AGA’s Miller Highlights Gaming Industry’s Comeback in Address
LAS VEGAS — Resilience was the theme of American Gaming Association president Bill Miller’s keynote address Tuesday at the Global Gaming Expo (G2E), to open the second day of the gambling industry’s gathering at the Venetian Expo here.
Like much about the gaming industry and life in general in 2020, G2E had to abandon a large-scale in-person gathering as the COVID-19 pandemic created widespread lockdowns and business closures.
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And nowhere was the pandemic felt so gravely as in Las Vegas and Nevada where unemployment climbed 30%. So, the return of G2E here, where it’s had been held annually, has been particularly significant.
G2E features education seminars for the gaming industry as well as a trade show where products and services are displayed.
“You’ll walk the (trade show) floor, you’ll see the latest products, you’ll close sales,” Miller said.
Still, even 2021 is not a “normal year,” Miller noted. Thousands of international would-be attendees couldn’t be in Las Vegas for G2E because of ongoing travel restrictions.
But “(this G2E show) marks an important milestone and it isn’t a symbolic milestone,” Miller said. “We’re here to do business and that’s what G2E is all about.”
A year ago, even casinos that were open operated under severe restrictions, Miller said. The results were “step declines in every industry category.”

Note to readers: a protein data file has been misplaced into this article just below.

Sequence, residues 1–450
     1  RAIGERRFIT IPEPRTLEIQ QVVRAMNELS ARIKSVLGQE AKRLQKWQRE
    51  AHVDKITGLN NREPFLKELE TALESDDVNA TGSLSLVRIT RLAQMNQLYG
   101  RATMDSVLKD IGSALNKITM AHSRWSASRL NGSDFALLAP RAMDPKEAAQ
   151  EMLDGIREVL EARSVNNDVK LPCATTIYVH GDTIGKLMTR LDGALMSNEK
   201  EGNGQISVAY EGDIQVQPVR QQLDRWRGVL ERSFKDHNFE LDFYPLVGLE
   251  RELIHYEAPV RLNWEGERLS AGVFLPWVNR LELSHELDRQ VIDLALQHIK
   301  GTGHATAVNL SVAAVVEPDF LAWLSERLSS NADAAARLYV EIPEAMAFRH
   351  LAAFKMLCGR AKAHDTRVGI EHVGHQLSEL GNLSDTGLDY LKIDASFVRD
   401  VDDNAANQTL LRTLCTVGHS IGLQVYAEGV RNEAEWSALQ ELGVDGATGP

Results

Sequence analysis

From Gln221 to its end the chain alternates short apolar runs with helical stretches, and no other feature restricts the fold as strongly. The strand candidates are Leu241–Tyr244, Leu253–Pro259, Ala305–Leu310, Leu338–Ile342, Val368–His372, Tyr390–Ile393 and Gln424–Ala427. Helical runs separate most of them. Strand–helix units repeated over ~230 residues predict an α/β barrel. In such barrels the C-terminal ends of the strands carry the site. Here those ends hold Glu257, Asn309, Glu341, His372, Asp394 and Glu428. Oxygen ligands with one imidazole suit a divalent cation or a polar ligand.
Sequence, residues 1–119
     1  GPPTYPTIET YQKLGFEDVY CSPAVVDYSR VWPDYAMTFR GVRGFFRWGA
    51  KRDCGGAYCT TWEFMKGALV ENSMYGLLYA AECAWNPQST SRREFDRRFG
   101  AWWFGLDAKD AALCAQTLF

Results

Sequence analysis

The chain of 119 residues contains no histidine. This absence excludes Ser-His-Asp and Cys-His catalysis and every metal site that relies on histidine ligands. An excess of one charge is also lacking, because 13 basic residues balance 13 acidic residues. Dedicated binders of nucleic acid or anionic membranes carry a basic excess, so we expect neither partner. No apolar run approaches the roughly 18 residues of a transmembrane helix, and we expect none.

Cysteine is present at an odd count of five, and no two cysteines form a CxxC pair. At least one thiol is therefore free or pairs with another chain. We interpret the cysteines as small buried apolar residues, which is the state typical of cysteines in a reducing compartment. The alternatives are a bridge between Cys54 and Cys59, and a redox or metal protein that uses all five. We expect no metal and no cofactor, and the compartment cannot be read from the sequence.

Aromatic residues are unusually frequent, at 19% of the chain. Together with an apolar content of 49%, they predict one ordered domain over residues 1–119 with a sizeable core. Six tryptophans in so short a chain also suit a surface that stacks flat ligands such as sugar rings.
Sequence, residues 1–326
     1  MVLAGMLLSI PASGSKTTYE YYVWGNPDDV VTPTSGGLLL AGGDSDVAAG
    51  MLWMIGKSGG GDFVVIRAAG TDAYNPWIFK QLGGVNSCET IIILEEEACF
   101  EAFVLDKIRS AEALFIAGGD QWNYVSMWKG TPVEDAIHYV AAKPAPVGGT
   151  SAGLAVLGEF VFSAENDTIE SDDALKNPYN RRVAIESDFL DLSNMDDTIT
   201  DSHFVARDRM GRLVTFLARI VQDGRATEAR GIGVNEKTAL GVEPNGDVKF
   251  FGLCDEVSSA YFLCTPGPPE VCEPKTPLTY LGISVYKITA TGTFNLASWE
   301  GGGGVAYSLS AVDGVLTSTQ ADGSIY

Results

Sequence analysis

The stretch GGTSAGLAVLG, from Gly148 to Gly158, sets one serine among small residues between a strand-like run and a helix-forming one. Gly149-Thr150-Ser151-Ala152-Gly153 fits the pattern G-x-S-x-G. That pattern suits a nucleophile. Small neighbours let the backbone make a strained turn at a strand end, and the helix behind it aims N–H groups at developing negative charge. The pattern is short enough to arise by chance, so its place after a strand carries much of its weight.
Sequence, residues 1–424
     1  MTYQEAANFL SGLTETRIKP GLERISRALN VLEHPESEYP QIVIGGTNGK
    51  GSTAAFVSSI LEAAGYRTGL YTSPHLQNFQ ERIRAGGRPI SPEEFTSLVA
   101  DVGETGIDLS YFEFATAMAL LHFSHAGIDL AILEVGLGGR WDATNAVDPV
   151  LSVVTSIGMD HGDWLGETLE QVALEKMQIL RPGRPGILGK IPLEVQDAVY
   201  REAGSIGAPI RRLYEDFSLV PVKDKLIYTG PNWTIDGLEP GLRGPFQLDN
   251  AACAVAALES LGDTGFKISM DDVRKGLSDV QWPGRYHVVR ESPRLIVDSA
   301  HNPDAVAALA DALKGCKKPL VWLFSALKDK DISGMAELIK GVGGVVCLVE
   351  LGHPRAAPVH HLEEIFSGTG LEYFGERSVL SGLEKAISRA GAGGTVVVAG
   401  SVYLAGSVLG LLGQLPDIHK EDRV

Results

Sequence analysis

However, the gaming industry’s comeback has been dramatic.
🚨 #RELEASE: Gaming CEOs are bullish on future industry growth, according to AGA’s first-ever Gaming CEO Outlook Report. 📈— American Gaming Association (@AmericanGaming) October 5, 2021
Read why half of AGA-member CEOs expect positive business conditions to continue to improve into 2022. ➡️ https://t.co/TKfkly0Tii pic.twitter.com/027gyvEcjx
Big Numbers for Commercial Gaming
In the first seven months of 2021, commercial gaming generated $30 billion in revenue, about the same total for all of 2020, Miller noted. And compared to the first seven months of 2019, which was the best year ever for ever for gaming, commercial gaming is way ahead, he said.
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That success has had its impact on the public at-large. For instance, in Maryland, the money from casinos goes to education and the contributions for 2021 are 12% of even pre-pandemic amounts.
Before Miller’s address, the AGA released the results of a survey it took of gaming industry CEOs that illustrated overall optimism among those executives.
The AGA’s new Gaming CEO Outlook said that almost half of AGA-member CEOs expecting improved business conditions into 2022. The positive attitudes were driven by anticipated increases in new hiring (71%), wage growth (63%), and capital investment (39%).
“AGA’s inaugural Gaming CEO Outlook reflects the strength of our recovery and consumer demand for our world-class entertainment offerings,” Miller said in a new release regarding the survey. “The promising outlook is built on our innovation, but like many industries, supply chain and worker shortages continue to slow our full recovery.”
A longtime reporter and editor who began writing on casinos and gaming shortly after Atlantic City’s first gambling halls opened, Bill covered the world Series of Poker and wrote a syndicated column on travel to casino destinations for a decade.